“For better or for worse, it puts at risk behavior that is common,” said Justice Stephen G. Breyer, in questioning of attorneys in the case in front of the high court on Wednesday.
McDonnell and his wife, Maureen, were each convicted on multiple counts related to the efforts of a Virginia pharmaceutical executive to get his company’s products in front of state agencies and public universities.
The executive, Jonnie Williams, offered the first couple loans and gifts totaling more than $175,000 as McDonnell, in his time as governor, arranged for Williams to meet with state officials regarding his company’s products.
Federal prosecutors alleged that the loans and gifts were offered in exchange for the access, an effective quid pro quo; attorneys for the McDonnells countered that Bob McDonnell did not try to influence state officials to do business with Williams.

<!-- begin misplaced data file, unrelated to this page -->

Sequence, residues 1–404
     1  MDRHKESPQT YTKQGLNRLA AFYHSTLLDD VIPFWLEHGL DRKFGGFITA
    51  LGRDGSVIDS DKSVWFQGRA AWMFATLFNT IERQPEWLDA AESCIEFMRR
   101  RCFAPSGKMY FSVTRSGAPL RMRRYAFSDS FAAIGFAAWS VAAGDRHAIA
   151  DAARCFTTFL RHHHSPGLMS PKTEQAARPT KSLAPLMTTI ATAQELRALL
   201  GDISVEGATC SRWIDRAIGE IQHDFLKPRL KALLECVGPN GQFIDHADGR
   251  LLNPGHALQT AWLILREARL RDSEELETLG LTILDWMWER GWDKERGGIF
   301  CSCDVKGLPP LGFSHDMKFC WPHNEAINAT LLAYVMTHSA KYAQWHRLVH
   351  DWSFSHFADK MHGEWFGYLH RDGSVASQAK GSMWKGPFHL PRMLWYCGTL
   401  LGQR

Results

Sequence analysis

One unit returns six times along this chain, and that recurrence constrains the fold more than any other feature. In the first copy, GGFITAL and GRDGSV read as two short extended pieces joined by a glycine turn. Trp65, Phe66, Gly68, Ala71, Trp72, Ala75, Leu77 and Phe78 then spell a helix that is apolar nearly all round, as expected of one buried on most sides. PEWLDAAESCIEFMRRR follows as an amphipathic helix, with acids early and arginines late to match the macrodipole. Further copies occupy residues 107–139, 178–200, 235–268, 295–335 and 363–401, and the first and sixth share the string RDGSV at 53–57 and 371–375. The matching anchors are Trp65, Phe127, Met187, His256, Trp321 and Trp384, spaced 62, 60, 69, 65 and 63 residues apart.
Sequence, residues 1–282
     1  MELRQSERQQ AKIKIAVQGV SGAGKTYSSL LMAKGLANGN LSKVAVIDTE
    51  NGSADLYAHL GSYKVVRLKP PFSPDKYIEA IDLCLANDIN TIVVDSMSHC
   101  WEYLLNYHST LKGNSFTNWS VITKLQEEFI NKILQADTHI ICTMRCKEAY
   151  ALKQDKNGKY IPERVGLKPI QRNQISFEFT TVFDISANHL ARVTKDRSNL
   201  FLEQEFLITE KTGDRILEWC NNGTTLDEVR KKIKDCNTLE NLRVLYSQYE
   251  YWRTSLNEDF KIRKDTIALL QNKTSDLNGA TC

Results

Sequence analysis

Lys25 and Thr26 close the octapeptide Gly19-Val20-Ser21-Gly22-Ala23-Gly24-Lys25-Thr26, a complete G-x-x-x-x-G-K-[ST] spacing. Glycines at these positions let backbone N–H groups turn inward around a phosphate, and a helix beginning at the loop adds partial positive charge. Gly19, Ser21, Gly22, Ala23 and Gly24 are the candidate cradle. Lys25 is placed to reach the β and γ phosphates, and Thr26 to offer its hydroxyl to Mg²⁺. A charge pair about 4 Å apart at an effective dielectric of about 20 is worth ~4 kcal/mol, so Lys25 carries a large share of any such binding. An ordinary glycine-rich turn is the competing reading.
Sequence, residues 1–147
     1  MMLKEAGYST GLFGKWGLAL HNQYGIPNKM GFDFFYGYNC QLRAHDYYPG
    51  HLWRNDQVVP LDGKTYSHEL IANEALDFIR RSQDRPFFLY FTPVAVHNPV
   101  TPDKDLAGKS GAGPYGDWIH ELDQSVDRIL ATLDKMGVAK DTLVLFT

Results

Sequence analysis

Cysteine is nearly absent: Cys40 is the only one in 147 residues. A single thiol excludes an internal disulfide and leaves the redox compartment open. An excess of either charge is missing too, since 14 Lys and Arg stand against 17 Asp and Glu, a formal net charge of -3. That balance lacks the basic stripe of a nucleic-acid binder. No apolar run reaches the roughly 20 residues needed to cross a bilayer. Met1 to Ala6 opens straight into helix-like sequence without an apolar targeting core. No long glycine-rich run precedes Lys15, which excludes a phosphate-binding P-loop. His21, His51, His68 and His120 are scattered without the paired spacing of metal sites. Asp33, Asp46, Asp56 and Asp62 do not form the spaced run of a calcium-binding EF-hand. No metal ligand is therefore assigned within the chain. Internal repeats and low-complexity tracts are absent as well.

Breyer expressed concern that the case could set a precedent that allows the Justice Department to become “the ultimate arbiter of how public officials are behaving in America.”
Justice Anthony Kennedy sounds similarly skeptical.
“You’re telling the senators, the officials who are having a lunch, ‘Don’t worry. A jury has to be convinced beyond a reasonable doubt and that’s tough.’ That’s your answer?” Kennedy said.
Chief Justice John Roberts went so far as to suggest that the corruption statute as written is so vague that it may need to be struck down.
“Given the difficulty that we’re having in settling on what these words in the statute mean, there is an argument … that the statute is unconstitutionally vague,” Roberts said.